July 31, 2014 SIGN IN | REGISTER

GOP Discontent Grows Over Barton’s Apology to BP

“If Mr. Barton thinks that the president of the United States, in light of the tragedy that’s going on there, should have simply sat back and said well, do whichever you are going to do, that’s not what the American people expected and that’s not what the American people want their president to do,” he said. “I think the president did exactly the right thing.”

Hoyer added that Barton’s apology to BP — along with other Republican criticism of the president’s push for an escrow fund from Republican Study Committee Chairman Tom Price (Ga.), who called it a Chicago-style “shakedown” — was emblematic of the Republican Party’s failure to regulate the oil and financial industries when it was in charge.

“That’s reflective of the reason we are where we are,” Hoyer said. “They believed if you simply leave the private sector unregulated, no oversight, let them do whatever they want to do, that everything will be fine. That wasn’t true in the financial community and it clearly wasn’t true here.”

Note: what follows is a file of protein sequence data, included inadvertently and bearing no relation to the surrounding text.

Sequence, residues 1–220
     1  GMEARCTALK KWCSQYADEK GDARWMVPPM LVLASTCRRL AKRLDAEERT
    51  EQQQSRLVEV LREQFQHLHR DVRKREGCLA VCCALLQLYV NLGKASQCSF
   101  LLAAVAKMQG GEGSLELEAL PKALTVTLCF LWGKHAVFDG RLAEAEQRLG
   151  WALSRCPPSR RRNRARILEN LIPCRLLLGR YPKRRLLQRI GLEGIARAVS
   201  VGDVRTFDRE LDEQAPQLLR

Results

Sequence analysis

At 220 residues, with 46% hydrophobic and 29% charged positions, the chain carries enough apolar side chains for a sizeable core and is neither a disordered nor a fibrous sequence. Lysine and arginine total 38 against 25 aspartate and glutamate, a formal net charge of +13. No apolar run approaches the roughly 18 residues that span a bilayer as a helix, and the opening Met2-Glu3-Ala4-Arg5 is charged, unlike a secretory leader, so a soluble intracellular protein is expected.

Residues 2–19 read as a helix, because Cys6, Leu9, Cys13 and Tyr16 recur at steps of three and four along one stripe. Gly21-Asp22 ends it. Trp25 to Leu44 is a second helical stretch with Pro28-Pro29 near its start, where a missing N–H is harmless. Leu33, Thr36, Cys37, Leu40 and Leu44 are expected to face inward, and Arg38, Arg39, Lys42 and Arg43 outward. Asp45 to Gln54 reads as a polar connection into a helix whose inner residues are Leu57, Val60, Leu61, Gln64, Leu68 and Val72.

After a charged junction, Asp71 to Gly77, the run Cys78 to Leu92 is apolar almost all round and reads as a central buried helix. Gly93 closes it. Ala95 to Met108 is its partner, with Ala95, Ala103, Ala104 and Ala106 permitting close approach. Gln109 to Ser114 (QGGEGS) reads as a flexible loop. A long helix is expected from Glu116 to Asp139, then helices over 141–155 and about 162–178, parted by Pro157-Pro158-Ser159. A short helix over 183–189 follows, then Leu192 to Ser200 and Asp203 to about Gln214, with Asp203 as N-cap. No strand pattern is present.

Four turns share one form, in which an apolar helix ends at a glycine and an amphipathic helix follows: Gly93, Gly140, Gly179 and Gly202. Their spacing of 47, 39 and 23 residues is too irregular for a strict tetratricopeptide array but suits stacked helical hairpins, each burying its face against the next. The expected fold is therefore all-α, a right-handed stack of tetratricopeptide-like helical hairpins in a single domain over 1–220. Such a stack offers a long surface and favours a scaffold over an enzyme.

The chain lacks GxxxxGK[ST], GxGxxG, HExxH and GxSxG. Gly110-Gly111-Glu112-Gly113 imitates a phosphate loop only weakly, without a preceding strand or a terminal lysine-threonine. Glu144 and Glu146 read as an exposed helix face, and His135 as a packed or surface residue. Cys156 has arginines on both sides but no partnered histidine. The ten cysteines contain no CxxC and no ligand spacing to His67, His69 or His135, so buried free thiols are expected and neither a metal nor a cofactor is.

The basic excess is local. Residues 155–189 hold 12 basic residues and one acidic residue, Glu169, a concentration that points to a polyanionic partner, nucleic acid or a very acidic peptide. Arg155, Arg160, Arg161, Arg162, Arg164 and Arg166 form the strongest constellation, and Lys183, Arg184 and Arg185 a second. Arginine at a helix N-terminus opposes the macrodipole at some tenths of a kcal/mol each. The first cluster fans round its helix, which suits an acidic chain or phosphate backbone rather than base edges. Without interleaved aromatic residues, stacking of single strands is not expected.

But Hoyer declined to call for Barton to be removed from his ranking position. If Members of Congress were removed from their positions every time they said something dumb, “probably all of us would be removed,” he joked.

Jim Manley, a spokesman for Senate Majority Leader Harry Reid (D-Nev.), issued a statement that attempted to broaden Barton’s comments to all Republicans. “Republicans should get their priorities straight: are they going to keep protecting and apologizing for Big Oil or will they finally stand up for families and businesses whose lives have been upended by the BP oil spill,” Manley said, adding that Barton’s comments demonstrated “an appalling amount of chutzpah.”

Jennifer Bendery and Jackie Kucinich contributed to this report.

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